UC San Diego Health System is a world leader in chronic thromboembolic pulmonary hypertension (CTEPH), and now with a $7.6 million grant, has helped launch the first national CTEPH registry to improve best practices and patient care.
While investigating a rare genetic disorder, researchers at the University of California, San Diego School of Medicine have discovered that a ubiquitous signaling molecule is crucial to cellular reprogramming, a finding with significant implications for stem cell-based regenerative medicine, wound repair…
Sandra A. Brown, vice chancellor for research at UC San Diego, was a featured speaker at an October Congressional Briefing in Washington, D.C., where she shared important findings on adolescent neurodevelopment with other scientists and national leaders.
Researchers at the University of California, San Diego School of Medicine and Ludwig Cancer Research, with colleagues across the country and world, have discovered that a significant number of mouse genes do not in fact behave like their human counterparts, suggesting science will need to rethink at…
Triclosan is an antimicrobial commonly found in soaps, shampoos, toothpastes and many other household items. Despite its widespread use, researchers at University of California, San Diego School of Medicine report potentially serious consequences of long-term exposure to the chemical.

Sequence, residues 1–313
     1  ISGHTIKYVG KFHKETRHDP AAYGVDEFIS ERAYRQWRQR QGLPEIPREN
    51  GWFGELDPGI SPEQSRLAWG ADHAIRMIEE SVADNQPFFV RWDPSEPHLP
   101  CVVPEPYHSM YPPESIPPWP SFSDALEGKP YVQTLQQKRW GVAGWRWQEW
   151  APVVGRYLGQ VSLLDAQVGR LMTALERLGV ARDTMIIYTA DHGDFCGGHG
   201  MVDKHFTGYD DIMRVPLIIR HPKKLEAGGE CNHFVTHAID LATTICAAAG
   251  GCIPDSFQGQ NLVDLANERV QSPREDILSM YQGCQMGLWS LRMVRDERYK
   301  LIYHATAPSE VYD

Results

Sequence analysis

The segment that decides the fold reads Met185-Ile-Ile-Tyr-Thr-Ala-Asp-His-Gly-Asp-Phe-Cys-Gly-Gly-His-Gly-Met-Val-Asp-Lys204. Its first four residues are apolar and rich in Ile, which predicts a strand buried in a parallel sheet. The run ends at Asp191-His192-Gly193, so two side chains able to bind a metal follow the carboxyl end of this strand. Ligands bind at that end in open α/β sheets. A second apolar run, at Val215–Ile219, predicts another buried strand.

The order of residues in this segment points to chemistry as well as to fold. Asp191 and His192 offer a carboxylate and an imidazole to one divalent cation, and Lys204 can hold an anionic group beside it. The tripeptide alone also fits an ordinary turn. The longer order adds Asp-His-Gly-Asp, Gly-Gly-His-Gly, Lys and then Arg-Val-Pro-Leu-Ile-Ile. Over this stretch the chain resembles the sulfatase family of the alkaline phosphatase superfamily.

An antibody therapy already in clinical trials to treat chronic lymphocytic leukemia (CLL) may also prove effective against ovarian cancer – and likely other cancers as well, report researchers at the University of California, San Diego School of Medicine.
Researchers at University of California, San Diego School of Medicine have developed a way to chemically disguise RNAi drugs so that they are able to enter cells. Once inside, cellular machinery converts these disguised drug precursors — called siRNNs — into active RNAi drugs.
Bess Marcus, PhD, has been appointed senior associate dean for Public Health with the UC San Diego School of Medicine.
With the help of mouse models, induced pluripotent stem cells (iPSCs) and the “tooth fairy,” researchers at the University of California, San Diego School of Medicine have implicated a new gene in idiopathic or non-syndromic autism.
Imagine being able to recognize your car as your own but never being able to remember where you parked it. Researchers at University of California, San Diego School of Medicine have induced this all-too-common human experience permanently in rats and from what is observed perhaps derive clues about why…